In Romeo and Juliet, William Shakespeare presents the idea that love can conquer all, love can conquer anything if you truly believe it can. In Romeo and Juliet, the theme is proven in the way that Juliet almost dies trying to keep Romeo’ and Juliet’s marriage still a thing. Shakespeare proves the thought that love can conquer all in many ways, but is shown specifically in three main points including self-sacrifice, family issues, and the willingness to do something to join someone you care about.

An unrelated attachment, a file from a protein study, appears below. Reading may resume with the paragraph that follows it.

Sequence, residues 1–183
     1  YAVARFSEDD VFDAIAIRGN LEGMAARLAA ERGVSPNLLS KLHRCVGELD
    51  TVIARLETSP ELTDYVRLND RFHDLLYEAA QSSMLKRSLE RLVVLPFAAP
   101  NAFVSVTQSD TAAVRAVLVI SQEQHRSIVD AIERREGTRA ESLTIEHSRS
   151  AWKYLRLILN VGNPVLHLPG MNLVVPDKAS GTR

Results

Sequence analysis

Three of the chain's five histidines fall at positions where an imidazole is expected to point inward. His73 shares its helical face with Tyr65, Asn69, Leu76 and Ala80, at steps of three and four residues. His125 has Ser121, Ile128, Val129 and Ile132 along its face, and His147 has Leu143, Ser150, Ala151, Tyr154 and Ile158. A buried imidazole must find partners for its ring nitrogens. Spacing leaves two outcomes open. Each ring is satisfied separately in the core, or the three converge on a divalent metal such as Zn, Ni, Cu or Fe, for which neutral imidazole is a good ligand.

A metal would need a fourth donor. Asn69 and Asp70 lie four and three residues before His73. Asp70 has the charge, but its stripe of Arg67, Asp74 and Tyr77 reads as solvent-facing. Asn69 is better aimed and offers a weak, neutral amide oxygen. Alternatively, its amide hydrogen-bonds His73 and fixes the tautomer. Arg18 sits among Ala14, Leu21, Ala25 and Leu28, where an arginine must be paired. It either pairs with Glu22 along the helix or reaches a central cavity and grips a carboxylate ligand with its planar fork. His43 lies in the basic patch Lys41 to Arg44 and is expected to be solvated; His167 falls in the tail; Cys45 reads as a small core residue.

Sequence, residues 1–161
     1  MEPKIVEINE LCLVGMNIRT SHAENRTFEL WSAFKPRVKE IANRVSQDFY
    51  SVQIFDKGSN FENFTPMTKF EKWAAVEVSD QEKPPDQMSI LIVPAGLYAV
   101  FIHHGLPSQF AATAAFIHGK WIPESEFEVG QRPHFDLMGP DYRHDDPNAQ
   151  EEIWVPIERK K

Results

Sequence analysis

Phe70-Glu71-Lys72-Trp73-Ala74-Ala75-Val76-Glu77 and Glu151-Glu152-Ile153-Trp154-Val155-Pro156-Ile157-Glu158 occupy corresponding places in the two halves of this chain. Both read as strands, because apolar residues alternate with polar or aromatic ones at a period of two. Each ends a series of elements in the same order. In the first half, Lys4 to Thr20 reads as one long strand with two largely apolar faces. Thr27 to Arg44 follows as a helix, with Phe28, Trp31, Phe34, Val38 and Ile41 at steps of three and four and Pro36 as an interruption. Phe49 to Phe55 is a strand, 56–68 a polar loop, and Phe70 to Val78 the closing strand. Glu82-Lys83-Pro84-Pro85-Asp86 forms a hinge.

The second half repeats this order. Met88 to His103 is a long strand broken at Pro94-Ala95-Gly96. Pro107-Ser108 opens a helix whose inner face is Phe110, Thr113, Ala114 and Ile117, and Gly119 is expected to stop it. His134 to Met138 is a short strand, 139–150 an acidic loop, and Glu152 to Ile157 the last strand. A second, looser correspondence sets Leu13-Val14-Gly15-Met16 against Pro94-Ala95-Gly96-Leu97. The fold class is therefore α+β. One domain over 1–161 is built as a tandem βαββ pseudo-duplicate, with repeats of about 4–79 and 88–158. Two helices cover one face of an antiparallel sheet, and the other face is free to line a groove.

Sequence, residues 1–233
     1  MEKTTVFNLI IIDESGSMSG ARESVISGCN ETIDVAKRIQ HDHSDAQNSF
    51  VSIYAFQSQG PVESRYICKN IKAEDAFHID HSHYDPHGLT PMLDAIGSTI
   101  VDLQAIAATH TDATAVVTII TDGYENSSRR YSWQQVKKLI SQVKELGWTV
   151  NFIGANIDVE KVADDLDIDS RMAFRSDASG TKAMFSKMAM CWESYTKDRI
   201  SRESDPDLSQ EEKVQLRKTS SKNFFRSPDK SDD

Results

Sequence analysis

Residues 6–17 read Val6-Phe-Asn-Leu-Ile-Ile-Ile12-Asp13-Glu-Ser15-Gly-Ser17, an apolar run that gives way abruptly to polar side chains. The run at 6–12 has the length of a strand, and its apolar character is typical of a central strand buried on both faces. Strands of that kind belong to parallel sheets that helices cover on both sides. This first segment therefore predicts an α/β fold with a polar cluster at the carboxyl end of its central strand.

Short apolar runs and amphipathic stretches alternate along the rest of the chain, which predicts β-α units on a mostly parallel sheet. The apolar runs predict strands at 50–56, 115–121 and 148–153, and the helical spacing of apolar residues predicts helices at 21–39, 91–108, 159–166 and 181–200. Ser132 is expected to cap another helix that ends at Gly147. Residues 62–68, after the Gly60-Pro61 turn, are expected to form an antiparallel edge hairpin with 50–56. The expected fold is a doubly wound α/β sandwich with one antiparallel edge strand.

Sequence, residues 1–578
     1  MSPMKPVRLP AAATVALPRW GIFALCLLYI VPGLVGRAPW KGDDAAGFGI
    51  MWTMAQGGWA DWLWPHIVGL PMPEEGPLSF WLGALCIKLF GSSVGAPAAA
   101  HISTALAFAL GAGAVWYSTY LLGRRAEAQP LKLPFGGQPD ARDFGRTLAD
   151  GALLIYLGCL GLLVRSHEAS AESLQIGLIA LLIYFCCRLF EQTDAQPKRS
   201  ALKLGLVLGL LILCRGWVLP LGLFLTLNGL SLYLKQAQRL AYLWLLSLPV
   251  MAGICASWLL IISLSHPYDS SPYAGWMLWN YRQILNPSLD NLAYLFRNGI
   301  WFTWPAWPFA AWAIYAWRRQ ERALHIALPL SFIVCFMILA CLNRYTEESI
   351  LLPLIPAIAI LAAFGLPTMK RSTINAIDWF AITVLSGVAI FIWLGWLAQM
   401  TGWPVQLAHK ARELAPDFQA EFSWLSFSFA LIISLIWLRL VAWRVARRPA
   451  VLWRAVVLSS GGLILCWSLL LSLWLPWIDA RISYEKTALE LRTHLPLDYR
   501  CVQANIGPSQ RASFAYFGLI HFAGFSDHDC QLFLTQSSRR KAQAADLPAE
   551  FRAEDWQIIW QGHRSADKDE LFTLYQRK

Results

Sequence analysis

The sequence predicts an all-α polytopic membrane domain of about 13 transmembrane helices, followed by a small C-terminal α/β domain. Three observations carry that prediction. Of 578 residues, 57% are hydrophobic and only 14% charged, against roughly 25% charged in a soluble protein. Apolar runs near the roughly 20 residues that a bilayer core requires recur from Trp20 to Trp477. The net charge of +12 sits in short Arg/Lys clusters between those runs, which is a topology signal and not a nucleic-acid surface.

Shakespeare shows the theme of self-sacrifice for both Romeo and Juliet in nearly identical ways. The thought of self-sacrifice for Romeo is shown in Act 2, scene II by his willingness to scale the orchard walls just to talk to Juliet. Juliet in fear of Romeo getting harmed says “How cam’st thou hither, tell me, and wherefore? The orchard walls are high and hard to climb, And the place death, considering who thou art If any of my kinsmen find thee here. (2.2 66-69).” Shakespeare puts the dialogue toward Romeo to explain a mood of anxiety toward Romeo from Juliet. Shakespeare even goes a step ahead and decides to show another example for Juliet caring about Romeo, in Act 4, scene I-II, Juliet shows her sacrifice by deciding to drink a potion from Friar Laurence, which in turn should make her assumptively “dead” for roughly 24 hours, to avoid marrying anyone other than Romeo, who she is already married to. Friar is hesitant at first when Juliet asks for a way to avoid the marriage by saying “Tomorrow night, look that thou lie alone. Let not the Nurse lie with thee in thy chamber, Take thou this vial, being then in bed, And this distilling liquor drink thou off; (4.2 92-25).” Friar wants to avoid the marriage between Paris and Juliet because of his morals as a friar,
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